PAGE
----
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Colonization


  • One-Quarter of Nursing Home Residents are Colonized with Drug-Resistant Bacteria
    The significant presence of multidrug-resistant gram-negative bacteria (MDR-GNB), such as E. coli, among nursing home residents demonstrates the need for heightened infection prevention and control measures in nursing homes, according to a meta-analysis published in the May ...More
    Yesterday Posted in News
  • Microbes Evolved to Colonize Different Parts of the Human Body
    As the human species evolved over the last six million years, our resident microbes did the same, adapting to vastly different conditions on our skin and in our mouths, noses, genitalia and guts. A team of Duke University scientists has tracked how this microbial evolution ...More
    March 20, 2017 Posted in News
  • Salicylic Acid Promotes Nasal Mucosa Colonization
    Staphylococcus aureus (S. aureus) can colonize the upper respiratory tract of around one quarter of the human population. As an opportunistic bacteria S. aureus usually does not harm its host. If the host is healthy and the bacteria obtain sufficient nutrients, the bacteria ...More
    February 3, 2017 Posted in News
  • Hospital Clones of MRSA are Carried by Medical Students Even Before Healthcare Exposure
    Methicillin-resistant Staphylococcus aureus (MRSA) strains are prevalent in healthcare and the community, and few studies have examined MRSA carriage among medical students. The aim of this study by Orlin, et al. (2017) is to examine Staphylococcus aureus (SA) ...More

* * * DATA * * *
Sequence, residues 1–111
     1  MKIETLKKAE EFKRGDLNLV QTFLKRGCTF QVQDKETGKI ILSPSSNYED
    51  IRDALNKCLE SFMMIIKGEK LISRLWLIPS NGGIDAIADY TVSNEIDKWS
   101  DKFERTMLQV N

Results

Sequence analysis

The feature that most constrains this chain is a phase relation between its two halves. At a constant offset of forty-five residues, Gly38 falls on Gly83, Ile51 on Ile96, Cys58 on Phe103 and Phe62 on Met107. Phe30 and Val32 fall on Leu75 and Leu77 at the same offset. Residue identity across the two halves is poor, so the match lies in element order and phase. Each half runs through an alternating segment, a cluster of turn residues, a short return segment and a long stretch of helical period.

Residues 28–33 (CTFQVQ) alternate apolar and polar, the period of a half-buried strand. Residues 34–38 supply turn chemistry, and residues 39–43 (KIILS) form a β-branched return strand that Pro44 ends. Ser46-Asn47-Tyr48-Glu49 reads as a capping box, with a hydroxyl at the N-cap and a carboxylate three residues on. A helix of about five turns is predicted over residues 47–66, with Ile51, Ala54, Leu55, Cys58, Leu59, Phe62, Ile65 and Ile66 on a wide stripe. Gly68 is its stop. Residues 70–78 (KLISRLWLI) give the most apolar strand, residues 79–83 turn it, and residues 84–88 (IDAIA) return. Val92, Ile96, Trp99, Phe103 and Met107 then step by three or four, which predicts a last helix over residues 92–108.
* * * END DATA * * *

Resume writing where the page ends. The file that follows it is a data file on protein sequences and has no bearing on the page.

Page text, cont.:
January 24, 2017 Posted in News
  • Researchers Study Pseudomonas aeruginosa Colonization and Infection in the ICU
    Pseudomonas aeruginosa (PA) surveillance may improve empiric antimicrobial therapy, since colonizing strains frequently cause infections. This colonization may be endogenous or exogenous, and the source determines infection control measures. Cohen, et al. ...More
    January 11, 2017 Posted in News
  • Investigators Find High Rate of Nasal MRSA Carriage Among HCWs
    Nasal carriage of Staphylococcus aureus among hospital personnel is a common cause of hospital acquired infections. Emergence of drug resistant strains especially methicillin-resistant S. aureus (MRSA) is a serious problem in hospital environment. Therefore, the aim of this ...More
    January 6, 2017 Posted in News
  • Staph Uses Nitric Oxide Enzyme to Colonize Noses
    Staph bacteria colonize nasal passages through a newly discovered function for a primeval biochemical mechanism. The interior of the nose is a prime dwelling place for some forms of staph. More than one-third of the population has a chronic presence of Staphylococcus aureus ...More
    November 28, 2016 Posted in News
  • Researchers Investigate the Prevalence of Colonization Among ICU Patients
    A prospective study was performed by Zhang, et al. (2016) to investigate the prevalence of colonization among ICU patients and to examine whether asymptomatic carriers were the source of subsequent C. difficile infection (CDI) and acquisition of toxigenic C. difficile. ...More
    August 9, 2016 Posted in News
  • Efficacy of the Decolonization of MRSA Carriers in Clinical Practice
    Nasal and extra nasal carriage of methicillin-resistant S. aureus (MRSA) is a pre-existing condition that often leads to invasive MRSA infection, as MRSA colonization is associated with a high risk of acquiring MRSA infection during hospital stays. Decolonization may reduce ...More
    January 25, 2016 Posted in News
  • MRSA Colonization Common in Groin and Rectal Areas
    Colonization of methicillin-resistant Staphylococcus aureus (MRSA) allows people in the community to unknowingly harbor and spread this life-threatening bacteria. The inside of the front of the nose is where this bacteria is most predominant, but new research shows nearly ...More
    August 13, 2014 Posted in News
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